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Another marker not mentioned in that Wiki snippet is the influence of "Scoop" Jackson, who was an anti-Soviet Democrat. Richard Perle began his career with him.

As I recall, Marek's argument (when upbraiding me for spraying "neocon" around) was that Cheney and Rumsfeld were mega-hawk conservatives, not neocons in the strict sense. They were however extremely closely associated with neocons under (or over) BushII.

by afew (afew(a in a circle)eurotrib_dot_com) on Fri Feb 13th, 2015 at 01:39:42 AM EST
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So, where does that leave Cheney, Rumsfield, and Perle? I don't know the extent, if any, of Jackson's involvement with Leo Strauss. And Milton Friedman wouldn't have even Hayak, let alone Strauss, influencing economic orthodoxy. (Though I can't imagine Strauss had any association with the Mt. Perlin Society.)

"It is not necessary to have hope in order to persevere."
by ARGeezer (ARGeezer a in a circle eurotrib daught com) on Fri Feb 13th, 2015 at 08:31:41 AM EST
[ Parent ]
Jackson doesn't need to be involved with Leo Strauss. Strauss is a neocon theoretical reference, Jackson a practical political one.

Henry M. Jackson - Wikipedia, the free encyclopedia

Influence on neoconservatism

Jackson believed that evil should be confronted with power.[20] His support for civil rights and equality at home,[13] married to his opposition to détente,[20] his support for human rights[22] and democratic allies,[23] and his firm belief that the United States could be a force for good in the world[24] inspired a legion of loyal aides who went on to propound Jackson's philosophy as part of neoconservatism. In addition to Richard Perle, neoconservatives Paul Wolfowitz, Elliott Abrams, Charles Horner, and Douglas Feith were former Democratic aides to Jackson who, disillusioned with the Carter administration, supported Ronald Reagan and joined his administration in 1981, later becoming prominent foreign policy makers in the 21st-century Bush administration. Neoconservative Ben Wattenberg was a prominent political aide to Jackson's 1972 and 1976 presidential campaigns. Wolfowitz has called himself a "Scoop Jackson Republican" on multiple occasions.[22][25] Many journalists and scholars across the political spectrum have noted links between Senator Jackson and modern neoconservatism.[1][20][23][26][27][28][29][30][31][32]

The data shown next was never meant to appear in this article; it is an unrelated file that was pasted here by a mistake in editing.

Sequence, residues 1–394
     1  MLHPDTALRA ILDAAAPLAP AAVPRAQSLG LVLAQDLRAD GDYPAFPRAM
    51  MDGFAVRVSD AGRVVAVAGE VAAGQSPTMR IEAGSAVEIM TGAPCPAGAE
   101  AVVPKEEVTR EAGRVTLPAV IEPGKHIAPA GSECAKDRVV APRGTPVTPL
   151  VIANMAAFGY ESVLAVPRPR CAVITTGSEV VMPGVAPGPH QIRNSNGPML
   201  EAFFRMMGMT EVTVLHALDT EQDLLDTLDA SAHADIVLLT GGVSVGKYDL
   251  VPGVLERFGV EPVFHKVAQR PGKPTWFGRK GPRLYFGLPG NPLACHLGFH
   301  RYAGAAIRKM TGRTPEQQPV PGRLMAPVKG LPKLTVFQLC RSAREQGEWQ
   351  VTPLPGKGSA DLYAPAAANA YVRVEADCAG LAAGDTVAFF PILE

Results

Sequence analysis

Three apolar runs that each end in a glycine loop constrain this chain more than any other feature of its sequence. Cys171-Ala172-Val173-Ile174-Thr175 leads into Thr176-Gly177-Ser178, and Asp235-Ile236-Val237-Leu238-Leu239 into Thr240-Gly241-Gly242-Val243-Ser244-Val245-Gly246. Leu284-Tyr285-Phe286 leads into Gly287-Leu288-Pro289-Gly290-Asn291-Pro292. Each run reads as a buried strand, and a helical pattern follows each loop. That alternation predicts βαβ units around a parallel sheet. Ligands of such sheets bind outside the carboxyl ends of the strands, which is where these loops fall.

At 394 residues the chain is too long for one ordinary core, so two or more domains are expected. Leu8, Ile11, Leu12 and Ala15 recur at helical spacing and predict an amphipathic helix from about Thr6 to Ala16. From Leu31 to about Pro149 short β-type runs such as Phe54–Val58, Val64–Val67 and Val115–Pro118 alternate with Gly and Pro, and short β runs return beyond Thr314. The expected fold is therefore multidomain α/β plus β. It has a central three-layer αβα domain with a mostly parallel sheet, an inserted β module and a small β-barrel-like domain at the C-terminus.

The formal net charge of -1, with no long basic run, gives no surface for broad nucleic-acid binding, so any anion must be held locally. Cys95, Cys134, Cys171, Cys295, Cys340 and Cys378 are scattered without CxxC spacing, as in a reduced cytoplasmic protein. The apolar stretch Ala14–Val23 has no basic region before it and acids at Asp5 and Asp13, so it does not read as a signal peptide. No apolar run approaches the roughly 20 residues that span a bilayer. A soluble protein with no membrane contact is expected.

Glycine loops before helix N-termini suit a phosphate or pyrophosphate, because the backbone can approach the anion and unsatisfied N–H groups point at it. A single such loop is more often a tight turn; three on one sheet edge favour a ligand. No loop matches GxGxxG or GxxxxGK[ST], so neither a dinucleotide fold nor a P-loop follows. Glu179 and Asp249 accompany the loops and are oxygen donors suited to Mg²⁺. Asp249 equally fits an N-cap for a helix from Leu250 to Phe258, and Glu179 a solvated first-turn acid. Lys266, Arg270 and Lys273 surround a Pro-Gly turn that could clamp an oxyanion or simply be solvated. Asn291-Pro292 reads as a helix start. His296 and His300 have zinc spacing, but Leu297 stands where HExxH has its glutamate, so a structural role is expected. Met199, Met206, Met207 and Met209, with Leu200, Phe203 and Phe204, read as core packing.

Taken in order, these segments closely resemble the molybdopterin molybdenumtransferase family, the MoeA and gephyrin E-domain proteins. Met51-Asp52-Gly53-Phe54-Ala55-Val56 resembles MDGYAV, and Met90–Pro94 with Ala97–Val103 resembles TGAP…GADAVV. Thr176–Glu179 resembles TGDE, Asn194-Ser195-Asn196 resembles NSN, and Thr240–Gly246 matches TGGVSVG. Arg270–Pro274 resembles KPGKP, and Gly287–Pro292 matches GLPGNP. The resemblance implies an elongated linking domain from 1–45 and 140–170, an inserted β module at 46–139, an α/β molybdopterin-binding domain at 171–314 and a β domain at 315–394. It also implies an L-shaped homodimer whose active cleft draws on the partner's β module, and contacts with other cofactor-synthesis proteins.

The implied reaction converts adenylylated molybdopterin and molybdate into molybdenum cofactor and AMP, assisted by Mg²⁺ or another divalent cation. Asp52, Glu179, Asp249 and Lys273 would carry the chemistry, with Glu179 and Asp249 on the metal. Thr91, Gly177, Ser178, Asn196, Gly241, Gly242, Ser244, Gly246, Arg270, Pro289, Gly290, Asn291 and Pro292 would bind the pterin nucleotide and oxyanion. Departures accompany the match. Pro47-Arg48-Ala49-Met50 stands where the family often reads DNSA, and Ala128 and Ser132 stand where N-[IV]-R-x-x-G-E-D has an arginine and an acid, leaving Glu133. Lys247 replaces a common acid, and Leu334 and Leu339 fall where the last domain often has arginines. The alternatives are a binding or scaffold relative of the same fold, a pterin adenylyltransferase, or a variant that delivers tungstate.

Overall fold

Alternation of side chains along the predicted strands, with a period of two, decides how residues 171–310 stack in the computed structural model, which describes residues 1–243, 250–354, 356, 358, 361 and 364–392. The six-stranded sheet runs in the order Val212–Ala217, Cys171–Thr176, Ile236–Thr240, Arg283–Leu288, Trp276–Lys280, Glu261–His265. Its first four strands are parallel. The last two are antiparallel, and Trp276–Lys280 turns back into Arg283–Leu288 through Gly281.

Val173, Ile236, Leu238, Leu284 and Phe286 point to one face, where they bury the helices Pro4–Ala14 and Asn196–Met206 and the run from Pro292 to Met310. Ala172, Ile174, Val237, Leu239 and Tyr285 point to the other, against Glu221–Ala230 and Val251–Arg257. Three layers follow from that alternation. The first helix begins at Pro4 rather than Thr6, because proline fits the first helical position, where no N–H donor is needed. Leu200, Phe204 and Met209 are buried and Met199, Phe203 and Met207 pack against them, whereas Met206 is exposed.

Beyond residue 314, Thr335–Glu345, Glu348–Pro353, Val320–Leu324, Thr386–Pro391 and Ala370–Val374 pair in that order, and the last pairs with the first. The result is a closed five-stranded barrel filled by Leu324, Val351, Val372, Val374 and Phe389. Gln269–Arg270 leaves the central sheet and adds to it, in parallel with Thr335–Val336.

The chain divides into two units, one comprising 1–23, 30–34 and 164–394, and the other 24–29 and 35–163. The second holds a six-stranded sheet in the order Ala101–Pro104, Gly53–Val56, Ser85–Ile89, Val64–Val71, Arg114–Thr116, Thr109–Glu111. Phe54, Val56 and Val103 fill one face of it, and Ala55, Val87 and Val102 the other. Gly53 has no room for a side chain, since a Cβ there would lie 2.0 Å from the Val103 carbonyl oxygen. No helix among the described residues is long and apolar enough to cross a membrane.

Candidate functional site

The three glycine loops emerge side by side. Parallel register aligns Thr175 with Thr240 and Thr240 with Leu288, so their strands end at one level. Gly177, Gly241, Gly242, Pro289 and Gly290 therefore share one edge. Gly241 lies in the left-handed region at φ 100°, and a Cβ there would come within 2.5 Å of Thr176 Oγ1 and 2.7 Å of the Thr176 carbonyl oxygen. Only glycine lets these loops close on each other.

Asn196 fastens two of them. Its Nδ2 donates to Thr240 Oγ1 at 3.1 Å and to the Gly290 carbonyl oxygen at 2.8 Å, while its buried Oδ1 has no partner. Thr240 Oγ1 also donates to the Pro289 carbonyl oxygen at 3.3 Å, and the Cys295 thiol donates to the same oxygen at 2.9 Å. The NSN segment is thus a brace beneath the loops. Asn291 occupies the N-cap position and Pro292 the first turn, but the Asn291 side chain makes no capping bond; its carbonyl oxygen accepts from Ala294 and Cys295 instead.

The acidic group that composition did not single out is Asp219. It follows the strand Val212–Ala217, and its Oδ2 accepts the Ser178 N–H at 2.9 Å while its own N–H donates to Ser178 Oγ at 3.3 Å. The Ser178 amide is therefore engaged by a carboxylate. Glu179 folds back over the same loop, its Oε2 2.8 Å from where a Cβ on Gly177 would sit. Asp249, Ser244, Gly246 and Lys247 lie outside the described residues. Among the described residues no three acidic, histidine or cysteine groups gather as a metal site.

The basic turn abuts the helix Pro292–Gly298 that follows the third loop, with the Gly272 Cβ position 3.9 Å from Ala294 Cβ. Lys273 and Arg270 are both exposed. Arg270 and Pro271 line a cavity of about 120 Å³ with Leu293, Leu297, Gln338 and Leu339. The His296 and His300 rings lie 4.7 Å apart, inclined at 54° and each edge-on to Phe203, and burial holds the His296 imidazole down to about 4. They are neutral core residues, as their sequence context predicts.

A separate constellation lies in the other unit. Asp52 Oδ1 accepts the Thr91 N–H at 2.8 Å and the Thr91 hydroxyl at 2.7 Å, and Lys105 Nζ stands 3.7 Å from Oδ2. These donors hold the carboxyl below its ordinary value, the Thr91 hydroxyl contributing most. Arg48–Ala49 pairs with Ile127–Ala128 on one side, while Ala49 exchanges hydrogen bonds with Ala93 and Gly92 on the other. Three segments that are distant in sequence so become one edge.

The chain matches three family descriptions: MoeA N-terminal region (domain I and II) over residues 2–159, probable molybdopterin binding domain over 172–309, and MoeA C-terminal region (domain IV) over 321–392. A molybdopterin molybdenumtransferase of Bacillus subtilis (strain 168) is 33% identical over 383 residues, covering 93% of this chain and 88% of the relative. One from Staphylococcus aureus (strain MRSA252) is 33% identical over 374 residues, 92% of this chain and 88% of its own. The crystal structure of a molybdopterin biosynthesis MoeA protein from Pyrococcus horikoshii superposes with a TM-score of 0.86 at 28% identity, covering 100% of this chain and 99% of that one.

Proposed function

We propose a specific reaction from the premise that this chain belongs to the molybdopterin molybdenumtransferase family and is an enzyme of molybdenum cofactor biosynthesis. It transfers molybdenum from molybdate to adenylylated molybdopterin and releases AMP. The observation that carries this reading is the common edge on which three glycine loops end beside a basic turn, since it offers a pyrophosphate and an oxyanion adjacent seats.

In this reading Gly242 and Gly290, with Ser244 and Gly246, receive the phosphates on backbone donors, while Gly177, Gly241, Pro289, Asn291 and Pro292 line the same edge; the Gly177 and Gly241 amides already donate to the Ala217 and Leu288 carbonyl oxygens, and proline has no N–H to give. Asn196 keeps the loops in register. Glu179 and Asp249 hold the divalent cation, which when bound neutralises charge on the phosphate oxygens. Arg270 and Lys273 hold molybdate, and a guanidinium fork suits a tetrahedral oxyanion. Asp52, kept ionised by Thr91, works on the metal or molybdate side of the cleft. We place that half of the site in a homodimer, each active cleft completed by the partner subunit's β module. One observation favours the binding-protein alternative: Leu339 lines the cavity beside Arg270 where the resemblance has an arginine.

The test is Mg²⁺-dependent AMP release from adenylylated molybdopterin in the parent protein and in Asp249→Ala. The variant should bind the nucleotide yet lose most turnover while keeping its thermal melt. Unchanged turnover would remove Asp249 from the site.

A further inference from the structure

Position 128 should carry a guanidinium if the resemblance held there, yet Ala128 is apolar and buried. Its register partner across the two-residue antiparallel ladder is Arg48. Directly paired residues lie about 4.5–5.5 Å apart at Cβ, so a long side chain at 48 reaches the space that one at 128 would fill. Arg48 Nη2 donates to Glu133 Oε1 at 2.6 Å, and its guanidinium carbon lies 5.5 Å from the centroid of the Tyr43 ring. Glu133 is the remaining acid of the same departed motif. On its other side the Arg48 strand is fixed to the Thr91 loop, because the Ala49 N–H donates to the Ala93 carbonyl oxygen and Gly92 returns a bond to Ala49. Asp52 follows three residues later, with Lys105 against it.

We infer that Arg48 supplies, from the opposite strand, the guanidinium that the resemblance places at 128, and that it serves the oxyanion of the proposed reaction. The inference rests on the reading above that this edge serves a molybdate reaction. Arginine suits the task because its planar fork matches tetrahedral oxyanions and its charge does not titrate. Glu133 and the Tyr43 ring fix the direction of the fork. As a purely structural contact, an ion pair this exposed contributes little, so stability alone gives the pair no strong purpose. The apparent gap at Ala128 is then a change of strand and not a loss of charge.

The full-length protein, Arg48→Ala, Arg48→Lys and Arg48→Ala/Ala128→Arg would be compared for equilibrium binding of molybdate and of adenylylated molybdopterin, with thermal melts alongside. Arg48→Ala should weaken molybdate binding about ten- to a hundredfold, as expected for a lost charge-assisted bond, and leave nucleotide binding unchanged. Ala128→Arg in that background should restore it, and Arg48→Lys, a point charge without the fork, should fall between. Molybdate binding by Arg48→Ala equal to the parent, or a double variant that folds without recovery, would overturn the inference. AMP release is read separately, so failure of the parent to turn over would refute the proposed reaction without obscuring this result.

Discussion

So a whole bunch of neocons, Perle included, cut their political teeth with Jackson, before shifting to Reagan Republicanism. Cheney and Rumsfeld didn't follow that trajectory, but when they hit the big-power spot in the early '00s they surrounded themselves with, and empowered, neocons, to the extent that they are often considered to be neocons (though, if you consider the list of values attributed above to Jackson and his aides, Cheney and Rumsfeld obviously don't fit).

I don't get what the economics people you go on to mention have to do with it. No one has ever called them neocons, more likely neolibs.  

by afew (afew(a in a circle)eurotrib_dot_com) on Fri Feb 13th, 2015 at 12:02:22 PM EST
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